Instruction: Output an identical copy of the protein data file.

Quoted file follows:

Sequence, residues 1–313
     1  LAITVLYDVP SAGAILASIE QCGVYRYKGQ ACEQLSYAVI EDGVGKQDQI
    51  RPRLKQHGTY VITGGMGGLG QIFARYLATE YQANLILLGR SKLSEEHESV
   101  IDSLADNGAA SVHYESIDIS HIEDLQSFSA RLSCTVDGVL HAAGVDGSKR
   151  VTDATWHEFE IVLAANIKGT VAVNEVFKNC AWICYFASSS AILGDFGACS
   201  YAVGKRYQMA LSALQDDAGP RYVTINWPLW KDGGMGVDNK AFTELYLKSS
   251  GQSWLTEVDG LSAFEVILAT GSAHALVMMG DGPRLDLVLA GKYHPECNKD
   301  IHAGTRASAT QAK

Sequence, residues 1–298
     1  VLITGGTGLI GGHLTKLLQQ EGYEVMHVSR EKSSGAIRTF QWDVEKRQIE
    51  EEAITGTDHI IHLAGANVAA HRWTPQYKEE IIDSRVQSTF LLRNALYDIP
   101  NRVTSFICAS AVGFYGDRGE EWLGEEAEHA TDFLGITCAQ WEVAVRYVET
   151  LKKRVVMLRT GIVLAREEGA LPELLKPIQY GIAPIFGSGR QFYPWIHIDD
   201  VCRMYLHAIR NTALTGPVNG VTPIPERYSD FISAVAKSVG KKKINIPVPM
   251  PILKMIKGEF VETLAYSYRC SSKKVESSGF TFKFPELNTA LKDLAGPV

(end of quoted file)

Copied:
Sequence, residues 1–313
     1  LAITVLYDVP SAGAILASIE QCGVYRYKGQ ACEQLSYAVI EDGVGKQDQI
    51  RPRLKQHGTY VITGGMGGLG QIFARYLATE YQANLILLGR SKLSEEHESV
   101  IDSLADNGAA SVHYESIDIS HIEDLQSFSA RLSCTVDGVL HAAGVDGSKR
   151  VTDATWHEFE IVLAANIKGT VAVNEVFKNC AWICYFASSS AILGDFGACS
   201  YAVGKRYQMA LSALQDDAGP RYVTINWPLW KDGGMGVDNK AFTELYLKSS
   251  GQSWLTEVDG LSAFEVILAT GSAHALVMMG DGPRLDLVLA GKYHPECNKD
   301  IHAGTRASAT QAK

Sequence, residues 1–298
     1  VLITGGTGLI GGHLTKLLQQ EGYEVMHVSR EKSSGAIRTF QWDVEKRQIE
    51  EEAITGTDHI IHLAGANVAA HRWTPQYKEE IIDSRVQSTF LLRNALYDIP
   101  NRVTSFICAS AVGFYGDRGE EWLGEEAEHA TDFLGITCAQ WEVAVRYVET
   151  LKKRVVMLRT GIVLAREEGA LPELLKPIQY GIAPIFGSGR QFYPWIHIDD
   201  VCRMYLHAIR NTALTGPVNG VTPIPERYSD FISAVAKSVG KKKINIPVPM
   251  PILKMIKGEF VETLAYSYRC SSKKVESSGF TFKFPELNTA LKDLAGPV